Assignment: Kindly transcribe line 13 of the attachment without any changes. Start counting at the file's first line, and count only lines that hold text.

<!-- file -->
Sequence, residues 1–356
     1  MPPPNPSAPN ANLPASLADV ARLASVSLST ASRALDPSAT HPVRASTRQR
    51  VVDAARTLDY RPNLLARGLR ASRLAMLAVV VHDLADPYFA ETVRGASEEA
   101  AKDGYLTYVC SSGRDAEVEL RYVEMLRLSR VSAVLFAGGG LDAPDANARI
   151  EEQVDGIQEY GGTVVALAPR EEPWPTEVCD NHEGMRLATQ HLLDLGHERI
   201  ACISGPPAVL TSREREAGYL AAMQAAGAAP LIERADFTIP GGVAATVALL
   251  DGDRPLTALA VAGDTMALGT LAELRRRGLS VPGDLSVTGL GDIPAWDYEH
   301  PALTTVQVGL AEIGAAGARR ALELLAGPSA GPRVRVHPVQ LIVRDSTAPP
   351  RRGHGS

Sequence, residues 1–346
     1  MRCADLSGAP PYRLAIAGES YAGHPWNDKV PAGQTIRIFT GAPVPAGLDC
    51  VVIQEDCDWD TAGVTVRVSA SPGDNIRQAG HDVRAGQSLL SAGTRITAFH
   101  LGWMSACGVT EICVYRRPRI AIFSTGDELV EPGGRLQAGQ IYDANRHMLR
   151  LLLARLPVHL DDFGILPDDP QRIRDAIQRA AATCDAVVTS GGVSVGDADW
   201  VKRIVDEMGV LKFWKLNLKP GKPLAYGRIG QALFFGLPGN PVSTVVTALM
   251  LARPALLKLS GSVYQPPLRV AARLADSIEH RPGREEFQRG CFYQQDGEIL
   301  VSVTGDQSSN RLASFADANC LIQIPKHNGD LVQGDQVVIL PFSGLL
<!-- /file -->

   101  LGWMSACGVT EICVYRRPRI AIFSTGDELV EPGGRLQAGQ IYDANRHMLR